As our regular readers know, the majority of evangelical Christians reject one of the most well-established of scientific theories—evolution. Evolution lies at the heart of many scientific disciplines. In fact, it’s as fundamental to biology as 2 + 2 = 4 is to mathematics, or as E = mc² is to physics. To the majority of Evangelicals, however, an anti-evolutionary view of origins is equally fundamental. In their view, it affects how we read Scripture and understand the Gospel—the very heart of our identity as Christians. If evolution were found to be true, it would be disturbing indeed.
While Christian scholars and scientists have actively worked on evolutionary creation and related topics for decades, for the most part their work has failed to leave the ivory tower thereby creating a vacuum within the church. Well-meaning public figures have moved into this vacuum to proclaim that much is at stake if Christians ever yield to mainstream science. These public figures preach that scriptural authority, Christian theology, and Christian morals and values will all collapse if believers accommodate their thinking to the discoveries of what they term “man’s historical science.”
We at BioLogos are convinced that the Bible is the Word of God and that God created through a gradual, evolutionary process. But we don’t have all the answers. That’s why we regularly convene meetings of evangelical thought leaders and host the BioLogos Forum for dialogue. It’s also why we’ve embarked on a new project: the Evolution & Christian Faith grants program.
The aim of this program is to address theological and philosophical questions commonly voiced by Christians about evolutionary creation in a way that is relevant to the church. Such questions might include:
- What does it mean to say that God is engaged in creation through evolution? In what manner?
- How do we reconcile hominid evolution with creation, the Fall, sin, the soul, the image of God, and other theological concepts of importance throughout the history of Christianity?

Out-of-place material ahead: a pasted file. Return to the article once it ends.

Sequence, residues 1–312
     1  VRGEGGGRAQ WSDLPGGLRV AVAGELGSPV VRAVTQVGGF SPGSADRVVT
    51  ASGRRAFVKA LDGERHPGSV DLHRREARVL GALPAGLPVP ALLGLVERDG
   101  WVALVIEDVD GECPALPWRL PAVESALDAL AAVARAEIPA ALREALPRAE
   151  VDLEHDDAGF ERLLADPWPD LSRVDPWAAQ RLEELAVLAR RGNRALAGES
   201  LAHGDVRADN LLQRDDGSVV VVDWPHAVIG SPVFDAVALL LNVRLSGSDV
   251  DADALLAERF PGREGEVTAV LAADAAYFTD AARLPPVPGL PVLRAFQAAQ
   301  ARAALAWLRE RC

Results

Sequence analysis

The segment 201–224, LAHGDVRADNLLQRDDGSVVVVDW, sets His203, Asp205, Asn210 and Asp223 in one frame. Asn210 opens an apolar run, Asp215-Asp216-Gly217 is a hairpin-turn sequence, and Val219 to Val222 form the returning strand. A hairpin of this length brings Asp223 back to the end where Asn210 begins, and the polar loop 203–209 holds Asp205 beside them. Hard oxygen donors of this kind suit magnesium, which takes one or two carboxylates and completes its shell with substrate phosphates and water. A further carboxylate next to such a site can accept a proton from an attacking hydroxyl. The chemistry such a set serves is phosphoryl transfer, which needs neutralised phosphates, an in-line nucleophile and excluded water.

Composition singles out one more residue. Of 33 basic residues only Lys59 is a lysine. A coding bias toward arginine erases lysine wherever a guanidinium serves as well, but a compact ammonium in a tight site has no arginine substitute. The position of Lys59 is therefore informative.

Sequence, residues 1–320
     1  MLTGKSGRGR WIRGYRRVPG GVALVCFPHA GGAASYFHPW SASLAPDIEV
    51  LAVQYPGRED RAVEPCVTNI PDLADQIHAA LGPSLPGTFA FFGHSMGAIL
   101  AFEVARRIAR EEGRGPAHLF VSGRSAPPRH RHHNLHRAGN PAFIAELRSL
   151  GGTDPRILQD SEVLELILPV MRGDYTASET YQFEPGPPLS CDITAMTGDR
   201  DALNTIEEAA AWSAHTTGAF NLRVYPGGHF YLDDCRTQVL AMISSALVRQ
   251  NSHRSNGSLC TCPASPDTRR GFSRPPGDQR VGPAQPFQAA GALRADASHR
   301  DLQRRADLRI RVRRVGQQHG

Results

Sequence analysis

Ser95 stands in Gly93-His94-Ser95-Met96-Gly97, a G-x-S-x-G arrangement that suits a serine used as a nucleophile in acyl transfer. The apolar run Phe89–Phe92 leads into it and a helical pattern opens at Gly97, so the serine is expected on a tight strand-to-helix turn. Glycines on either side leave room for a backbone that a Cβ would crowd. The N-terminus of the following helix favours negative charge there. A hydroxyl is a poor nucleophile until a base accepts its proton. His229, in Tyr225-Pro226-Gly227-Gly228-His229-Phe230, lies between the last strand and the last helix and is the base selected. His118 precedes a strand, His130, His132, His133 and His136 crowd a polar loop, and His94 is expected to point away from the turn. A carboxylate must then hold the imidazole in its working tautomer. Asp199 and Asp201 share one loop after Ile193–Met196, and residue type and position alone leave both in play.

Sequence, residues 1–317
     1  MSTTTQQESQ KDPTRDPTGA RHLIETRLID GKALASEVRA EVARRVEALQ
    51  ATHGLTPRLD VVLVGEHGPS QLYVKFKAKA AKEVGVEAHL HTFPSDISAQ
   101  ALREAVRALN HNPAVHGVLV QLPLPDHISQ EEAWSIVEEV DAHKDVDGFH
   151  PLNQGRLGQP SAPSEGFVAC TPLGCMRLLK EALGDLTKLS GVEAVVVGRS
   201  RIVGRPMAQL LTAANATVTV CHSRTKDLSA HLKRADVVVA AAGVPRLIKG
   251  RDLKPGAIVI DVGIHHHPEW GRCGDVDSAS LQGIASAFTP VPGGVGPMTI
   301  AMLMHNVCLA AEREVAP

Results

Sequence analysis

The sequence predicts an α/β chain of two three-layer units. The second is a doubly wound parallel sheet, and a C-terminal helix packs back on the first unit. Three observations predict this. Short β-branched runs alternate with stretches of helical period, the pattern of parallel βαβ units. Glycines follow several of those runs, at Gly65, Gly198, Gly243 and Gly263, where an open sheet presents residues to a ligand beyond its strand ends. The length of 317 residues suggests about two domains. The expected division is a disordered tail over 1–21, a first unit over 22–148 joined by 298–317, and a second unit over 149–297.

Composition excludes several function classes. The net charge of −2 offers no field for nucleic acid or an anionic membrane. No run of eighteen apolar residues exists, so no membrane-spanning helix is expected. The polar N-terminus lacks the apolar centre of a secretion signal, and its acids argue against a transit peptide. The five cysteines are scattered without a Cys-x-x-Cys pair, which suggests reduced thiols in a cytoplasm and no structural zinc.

- Why do many Christians find evolutionary creation unconvincing? What are the historical, sociological, and pedagogical factors that prevent evolution from being accepted?
- How does a theistic perspective on evolutionary processes help us consider questions of freedom and free will?
These are just some of the questions that might be addressed with the $3.5 million that will be awarded through the program. A broader list of topics and much more information is available in the Request for Proposals (RFP).
How will we ensure that this program is relevant for the church and doesn’t just stay in that ivory tower? First, preference will be given to proposals with high translational potential—the potential to make a significant positive impact on the church. In fact, translation will be as important as theological and scientific integrity. Second, proposals from teams of scholars and church or parachurch leaders are particularly encouraged, and all recipients will write material for a popular audience in the form of blogs on the BioLogos site. Finally, all grantees will benefit from in-person interaction through a series of three summer workshops. These meetings will not only foster a broader knowledge base among grantees, but also build a sustained network of scholars and church leaders—both young and seasoned—who are serious about addressing the concerns of the church around the topic of evolution.
If you are a scholar, church leader, or the representative of a parachurch organization, please consider submitting a pre-proposal. The deadline for pre-proposal submissions is June 15, 2012. Together, we can bring about change for the good of the church.